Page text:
To say the boys from the North did it again with their latest offering, Darkest Hour, would be an understatement. No, this time they bettered their already pure sound to give a gift well worthy of our playlists. Having teamed up with the inimitable Jerry Douglas for production, and a band of skilled performers, including the one-and-only Alison Krauss for vocals on one rich track, the multiple award-winning Gibson Brothers provide a collection of songs that delve into heartache, betrayal, and yearning. Darkest Hour, which releases today, however, is not dark. It is deep — with talent and emotion.
The album hooks you with its upbeat count-in to track one, What a Difference a Day Makes, and takes the listener on a ride to familiar places of the human experience. The Gibson Brothers’ skillful songwriting comes to the fore on this album in every song. They precisely capture the whiplashed feeling of an unexpected breakup on the leadoff track; shades of soul-searching and regret in Heart’s Desire; grappling with duplicity in Your Eyes Say His Name; and parents struggling to let go as children grow in One Minute of You.
Although each offering shines, some glisten more than others. Take for instance, the gem called I Go Driving. With its lines like “I’m looking at the past; I’m trying not to stare,” and its lap steel, fiddle, and electric guitar woven in, it just stops you in your tracks to take in how expertly the Gibson Brothers have encapsulated nostalgia. Another jewel is the title track where Leigh beautifully lays vulnerability on the table for all of us to reckon with. The simplicity of the song, and the soulful accompaniment by Jerry Douglas, no less, keeps this one with us long after its last note. I Feel The Same Way As You catches you swaying to the tune and then catching your breath when Leigh and Alison Krauss bestow their harmonies.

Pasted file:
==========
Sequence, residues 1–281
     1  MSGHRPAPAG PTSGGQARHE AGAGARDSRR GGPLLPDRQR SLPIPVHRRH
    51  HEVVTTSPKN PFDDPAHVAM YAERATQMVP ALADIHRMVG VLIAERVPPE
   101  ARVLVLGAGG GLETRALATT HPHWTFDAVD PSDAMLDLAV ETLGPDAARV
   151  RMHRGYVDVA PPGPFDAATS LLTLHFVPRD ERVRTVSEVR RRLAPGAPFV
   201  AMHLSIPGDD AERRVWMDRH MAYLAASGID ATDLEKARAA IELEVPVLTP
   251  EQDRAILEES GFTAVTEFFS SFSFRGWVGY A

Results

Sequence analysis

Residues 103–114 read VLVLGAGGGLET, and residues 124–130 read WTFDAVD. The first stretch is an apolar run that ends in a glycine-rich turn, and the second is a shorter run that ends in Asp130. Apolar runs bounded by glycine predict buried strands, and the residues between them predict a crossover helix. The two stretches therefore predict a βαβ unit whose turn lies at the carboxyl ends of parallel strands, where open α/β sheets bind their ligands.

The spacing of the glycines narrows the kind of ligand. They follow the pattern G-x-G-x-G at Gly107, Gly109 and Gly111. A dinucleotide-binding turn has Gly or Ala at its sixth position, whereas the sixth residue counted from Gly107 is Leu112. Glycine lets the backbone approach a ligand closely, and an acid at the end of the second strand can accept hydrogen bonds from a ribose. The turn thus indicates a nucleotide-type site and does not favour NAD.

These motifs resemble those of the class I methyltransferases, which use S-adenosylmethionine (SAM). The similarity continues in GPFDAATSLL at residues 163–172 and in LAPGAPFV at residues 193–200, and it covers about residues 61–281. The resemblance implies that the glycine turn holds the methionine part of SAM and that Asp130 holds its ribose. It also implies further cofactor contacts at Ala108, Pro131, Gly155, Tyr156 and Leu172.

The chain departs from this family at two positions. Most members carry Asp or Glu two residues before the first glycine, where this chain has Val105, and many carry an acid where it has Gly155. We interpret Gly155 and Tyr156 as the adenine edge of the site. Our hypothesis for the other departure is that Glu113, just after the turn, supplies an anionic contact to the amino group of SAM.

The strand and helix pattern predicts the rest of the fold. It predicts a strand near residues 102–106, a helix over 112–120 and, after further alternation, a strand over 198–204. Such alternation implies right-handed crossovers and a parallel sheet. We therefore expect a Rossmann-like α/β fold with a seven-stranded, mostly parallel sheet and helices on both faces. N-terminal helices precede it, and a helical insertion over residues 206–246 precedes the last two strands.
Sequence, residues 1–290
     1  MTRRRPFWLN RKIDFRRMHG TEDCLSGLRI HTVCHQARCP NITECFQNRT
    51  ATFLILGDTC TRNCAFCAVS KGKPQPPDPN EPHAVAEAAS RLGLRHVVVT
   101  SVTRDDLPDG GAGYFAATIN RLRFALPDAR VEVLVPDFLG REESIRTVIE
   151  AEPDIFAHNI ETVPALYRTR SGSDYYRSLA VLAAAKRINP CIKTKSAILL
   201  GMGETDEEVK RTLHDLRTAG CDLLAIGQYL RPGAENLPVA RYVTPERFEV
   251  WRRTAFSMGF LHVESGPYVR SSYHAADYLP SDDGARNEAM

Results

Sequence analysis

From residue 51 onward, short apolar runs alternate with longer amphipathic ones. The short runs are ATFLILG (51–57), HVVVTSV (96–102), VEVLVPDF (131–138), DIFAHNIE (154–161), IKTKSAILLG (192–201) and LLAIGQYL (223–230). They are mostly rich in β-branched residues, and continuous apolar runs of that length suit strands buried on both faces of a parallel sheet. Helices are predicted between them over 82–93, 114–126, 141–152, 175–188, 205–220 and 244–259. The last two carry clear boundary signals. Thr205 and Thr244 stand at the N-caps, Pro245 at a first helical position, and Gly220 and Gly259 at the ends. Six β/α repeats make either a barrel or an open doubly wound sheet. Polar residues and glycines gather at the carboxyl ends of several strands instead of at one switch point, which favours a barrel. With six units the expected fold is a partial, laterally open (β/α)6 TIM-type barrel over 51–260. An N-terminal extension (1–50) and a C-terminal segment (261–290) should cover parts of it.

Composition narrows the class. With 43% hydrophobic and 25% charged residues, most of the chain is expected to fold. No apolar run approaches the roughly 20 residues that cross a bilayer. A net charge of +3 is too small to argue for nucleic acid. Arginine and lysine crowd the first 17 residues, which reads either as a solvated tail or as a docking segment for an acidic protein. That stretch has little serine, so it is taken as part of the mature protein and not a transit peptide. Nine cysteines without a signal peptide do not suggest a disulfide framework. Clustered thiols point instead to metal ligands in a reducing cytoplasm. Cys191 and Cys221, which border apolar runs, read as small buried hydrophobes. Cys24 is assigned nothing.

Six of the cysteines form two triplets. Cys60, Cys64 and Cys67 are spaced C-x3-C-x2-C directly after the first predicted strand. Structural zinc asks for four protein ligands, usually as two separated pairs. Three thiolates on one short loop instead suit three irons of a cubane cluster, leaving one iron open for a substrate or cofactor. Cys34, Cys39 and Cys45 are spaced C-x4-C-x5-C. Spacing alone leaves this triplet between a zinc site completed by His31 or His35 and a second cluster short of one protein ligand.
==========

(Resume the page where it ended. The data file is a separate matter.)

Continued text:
Let’s not forget that the Gibson Brothers also make you boogie with some honkytonk-esque tracks on Darkest Hour, such as So Long, Mama and Shut Up and Dance, which features the great line: “I ain’t bad lookin’ when the band starts cookin’.”
It is not just the poetry they put on the page, it is their enveloping those words and life moments with perfectly matched melodies that evoke the feelings. And, they execute it all through masterful playing and singing. Leigh’s full-bodied voice and Eric’s high lonesome tenor each stand out powerfully on this album, and when combined, the result is the pure sound that has always defined the Gibson Brothers’ art, but somehow, it sounds even more refined here.
All in all, they provide a winning combination with this effort such that when you take the time to listen to Darkest Hour, we can guarantee it won’t be dark for you. From their already high perch in bright blue bluegrass to their sidestep into groove with their Mockingbird album, Darkest Hour strikes as a solid move into a wonderful place amidst bluegrass, folk, and country — which, perhaps, the Gibson Brothers simply call music.